Interview, Neil Williamson, Landscape Institute president

With climate change at the top of the agenda, a potential three million new homes to be built and the Government's eco-town ambitions, this would seem to be the year of the landscape architect.

It is certainly the time for the profession to be promoting the benefits it can bring to designing communities, and new Landscape Institute president Neil Williamson has plenty to get his teeth into.

Williamson took over the role from Nigel Thorne on 1 July and will be pursuing the institute's campaign to attract more young people to the sector.

Also on the cards is the organisation's climate-change position statement, due to be published in autumn.

"The Landscape Institute has been going through a lot of changes in recent years and the pace of change has been accelerating," says Williamson, who will continue to meet his commitments as head of environmental design at the New Forest District Council.

"Sustainability has always been part and parcel of what landscape architects are trained to deal with and climate change is part of that.

"A lot of the skills and philosophy are already there."

Having studied psychology and physiology at university before following a career in landscape architecture, Williamson admits he has a particular interest in the social and community side of landscape architecture.

Some of the issues to be developed through the Landscape Institute policy over the coming year include green infrastructure, health and housing.

Indeed, its annual conference to be held on 9 and 10 October, called Housing, Land Use and Community, will focus on some of these issues.

"It is no coincidence that we'll be looking at health, as I've been making noise about it," adds Williamson, who lives in Southampton.

"With the focus on housing, we'll be looking at the quality of what is being built. The Government is saying three million new homes but, however many are built, we need to ensure they are built in a way that is going to last and, at the moment, there is a way to go in achieving social as well as environmental sustainability."

For Williamson, a founding director of the Solent Centre for Architecture & Design - advocating good design among decision-makers and the community - the ethos of landscape architecture can help tackle social problems.

He explains: "Well-designed public space enables people to mix socially and there is evidence that this impacts positively on the mental health of people who have somewhere to go, whether it is green space or hard space.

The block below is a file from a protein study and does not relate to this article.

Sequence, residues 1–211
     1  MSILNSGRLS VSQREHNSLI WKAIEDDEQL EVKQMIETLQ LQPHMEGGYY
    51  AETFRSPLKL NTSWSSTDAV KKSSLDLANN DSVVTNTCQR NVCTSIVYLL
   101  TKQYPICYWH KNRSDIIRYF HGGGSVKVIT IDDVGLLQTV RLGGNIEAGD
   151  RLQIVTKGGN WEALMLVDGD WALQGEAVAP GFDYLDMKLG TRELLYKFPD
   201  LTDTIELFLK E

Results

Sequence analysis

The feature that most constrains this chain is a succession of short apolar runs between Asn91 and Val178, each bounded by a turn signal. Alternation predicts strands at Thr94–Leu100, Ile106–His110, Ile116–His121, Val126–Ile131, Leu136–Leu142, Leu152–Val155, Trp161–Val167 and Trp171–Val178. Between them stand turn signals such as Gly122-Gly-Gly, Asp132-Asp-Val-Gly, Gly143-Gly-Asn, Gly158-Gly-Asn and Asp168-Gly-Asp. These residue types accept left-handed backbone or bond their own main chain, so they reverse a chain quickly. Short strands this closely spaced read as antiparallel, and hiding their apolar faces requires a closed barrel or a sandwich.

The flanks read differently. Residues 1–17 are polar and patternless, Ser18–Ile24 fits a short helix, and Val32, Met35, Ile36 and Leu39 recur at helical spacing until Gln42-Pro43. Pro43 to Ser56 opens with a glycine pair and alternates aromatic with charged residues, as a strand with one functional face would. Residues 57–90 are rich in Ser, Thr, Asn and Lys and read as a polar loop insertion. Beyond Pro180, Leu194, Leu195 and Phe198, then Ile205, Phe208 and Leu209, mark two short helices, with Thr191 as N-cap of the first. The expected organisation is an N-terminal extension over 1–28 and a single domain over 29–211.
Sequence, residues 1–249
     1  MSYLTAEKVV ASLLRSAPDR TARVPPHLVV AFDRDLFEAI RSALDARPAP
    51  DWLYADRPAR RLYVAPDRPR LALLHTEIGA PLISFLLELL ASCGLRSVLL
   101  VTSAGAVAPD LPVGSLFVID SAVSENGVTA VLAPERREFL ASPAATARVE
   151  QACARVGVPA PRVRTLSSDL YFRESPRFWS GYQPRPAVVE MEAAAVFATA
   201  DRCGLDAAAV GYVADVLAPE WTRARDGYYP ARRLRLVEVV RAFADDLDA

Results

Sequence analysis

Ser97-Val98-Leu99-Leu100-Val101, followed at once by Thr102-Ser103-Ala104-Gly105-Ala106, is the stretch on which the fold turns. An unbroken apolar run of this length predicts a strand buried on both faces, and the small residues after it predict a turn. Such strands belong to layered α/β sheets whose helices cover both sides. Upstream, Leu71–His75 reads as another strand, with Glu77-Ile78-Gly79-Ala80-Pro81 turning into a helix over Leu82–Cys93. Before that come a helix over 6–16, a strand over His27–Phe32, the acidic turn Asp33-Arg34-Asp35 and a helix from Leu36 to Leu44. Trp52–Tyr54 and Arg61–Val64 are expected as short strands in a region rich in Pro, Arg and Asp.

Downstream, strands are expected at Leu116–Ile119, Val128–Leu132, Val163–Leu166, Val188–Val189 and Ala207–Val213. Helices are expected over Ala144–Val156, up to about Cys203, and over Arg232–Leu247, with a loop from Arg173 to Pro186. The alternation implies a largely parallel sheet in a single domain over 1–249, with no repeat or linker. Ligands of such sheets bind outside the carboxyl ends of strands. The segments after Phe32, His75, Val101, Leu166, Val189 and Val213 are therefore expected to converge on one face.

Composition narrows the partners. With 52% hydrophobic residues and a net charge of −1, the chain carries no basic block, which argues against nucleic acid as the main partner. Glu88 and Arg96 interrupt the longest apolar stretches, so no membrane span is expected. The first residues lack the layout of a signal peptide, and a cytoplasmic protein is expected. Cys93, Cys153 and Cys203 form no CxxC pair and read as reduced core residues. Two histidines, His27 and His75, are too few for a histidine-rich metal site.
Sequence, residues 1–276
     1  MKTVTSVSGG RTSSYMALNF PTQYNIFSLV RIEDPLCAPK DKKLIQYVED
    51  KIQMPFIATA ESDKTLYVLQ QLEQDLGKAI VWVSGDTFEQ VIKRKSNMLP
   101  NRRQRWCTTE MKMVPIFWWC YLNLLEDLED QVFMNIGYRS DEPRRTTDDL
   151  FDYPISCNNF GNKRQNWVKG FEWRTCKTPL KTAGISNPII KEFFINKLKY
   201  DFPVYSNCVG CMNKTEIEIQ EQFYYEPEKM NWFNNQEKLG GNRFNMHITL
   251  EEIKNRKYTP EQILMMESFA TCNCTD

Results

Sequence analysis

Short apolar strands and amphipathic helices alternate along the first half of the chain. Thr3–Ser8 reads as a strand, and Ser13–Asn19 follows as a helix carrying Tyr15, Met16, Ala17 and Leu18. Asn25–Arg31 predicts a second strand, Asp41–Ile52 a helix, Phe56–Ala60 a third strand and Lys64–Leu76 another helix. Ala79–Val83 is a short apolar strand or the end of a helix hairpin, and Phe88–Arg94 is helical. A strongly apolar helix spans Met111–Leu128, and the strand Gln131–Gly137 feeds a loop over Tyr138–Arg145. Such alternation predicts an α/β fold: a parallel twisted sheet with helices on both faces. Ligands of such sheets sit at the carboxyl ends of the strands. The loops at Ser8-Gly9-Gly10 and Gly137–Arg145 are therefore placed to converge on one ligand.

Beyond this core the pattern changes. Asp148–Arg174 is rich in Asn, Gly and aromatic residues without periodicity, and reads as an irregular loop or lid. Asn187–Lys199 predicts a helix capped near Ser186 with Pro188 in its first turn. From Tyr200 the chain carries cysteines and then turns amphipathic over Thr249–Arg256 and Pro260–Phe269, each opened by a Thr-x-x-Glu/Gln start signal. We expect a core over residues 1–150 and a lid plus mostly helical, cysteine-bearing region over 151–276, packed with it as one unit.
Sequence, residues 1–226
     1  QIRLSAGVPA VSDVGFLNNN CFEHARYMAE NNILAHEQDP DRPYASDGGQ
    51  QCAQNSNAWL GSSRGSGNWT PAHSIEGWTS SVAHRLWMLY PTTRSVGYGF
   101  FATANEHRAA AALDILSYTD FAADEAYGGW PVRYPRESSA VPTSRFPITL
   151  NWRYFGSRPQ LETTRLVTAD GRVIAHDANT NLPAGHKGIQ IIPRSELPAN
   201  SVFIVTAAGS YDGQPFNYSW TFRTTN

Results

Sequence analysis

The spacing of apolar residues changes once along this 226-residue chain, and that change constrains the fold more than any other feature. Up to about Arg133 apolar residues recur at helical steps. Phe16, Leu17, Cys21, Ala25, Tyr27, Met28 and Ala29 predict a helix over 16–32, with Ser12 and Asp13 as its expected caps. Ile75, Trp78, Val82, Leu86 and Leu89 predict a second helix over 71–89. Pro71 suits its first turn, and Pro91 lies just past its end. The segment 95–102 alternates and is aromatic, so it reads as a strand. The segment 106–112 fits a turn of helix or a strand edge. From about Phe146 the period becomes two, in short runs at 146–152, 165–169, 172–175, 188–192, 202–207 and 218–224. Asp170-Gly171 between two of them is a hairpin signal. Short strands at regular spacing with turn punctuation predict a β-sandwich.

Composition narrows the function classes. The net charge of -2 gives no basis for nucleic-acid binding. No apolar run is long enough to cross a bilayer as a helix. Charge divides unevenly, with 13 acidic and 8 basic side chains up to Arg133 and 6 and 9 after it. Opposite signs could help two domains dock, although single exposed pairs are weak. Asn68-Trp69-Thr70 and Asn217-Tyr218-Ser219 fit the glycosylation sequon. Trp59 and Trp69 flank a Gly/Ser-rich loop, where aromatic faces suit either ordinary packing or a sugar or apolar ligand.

"If you are living on a harsh estate and have no access to public space it is not creating sustainable communities."

This can lead to anti-social behaviour and crime, and Williamson is a keen proponent of the role landscape architects can have on these issues in collaboration with other bodies, such as the police, CABE, the Royal Institute of British Architects and the Royal Town Planning Institute.

As a member of the UK Designing Out Crime Association since its launch in 1999, Williamson is adamant that good design can have far-reaching effects.

"There is a relationship between the design of a physical environment and crime and anti-social behaviour, but it would be a bit naive to say you could stop all the kids carrying knives if you redesigned a park," he says.

"The way public spaces are designed does have an impact and investment in the public realm brings benefits in terms of reduced anti-social behaviour.

This social focus is likely to become more significant for landscape architects as the Government pushes through with its plans to meet housing demand, while attempting to manage crime.

"I believe landscape architects should have a valuable contribution to make, along with other professions," adds Williamson.

"If you design an environment and expect people to live there, but the design is so poor you end up with social breakdown, then it is a failure.

"There are so many popular misconceptions about design; people think it is all about what things look like, but it is about making spaces that work and are durable."


1976: Graduated from Oxford University with a BA in psychology and physiology

1979: Graduated from the University of Sheffield with an MA in landscape design

1979-84: Worked as a landscape architect for local authorities in Lancashire

1984-91: Landscape architect at West Midlands County Council, Solihull Metropolitan Borough Council and Southampton City Council

1991-present: Joined New Forest District Council; later promoted to head of environmental design

1999: Joined Designing out Crime Association

2002: Achieved Advanced Certificate in environmental design and crime prevention at Oxford Brookes University

2006-08: Vice-president of Landscape Institute

1 July 2008: Became president of Landscape Institute.

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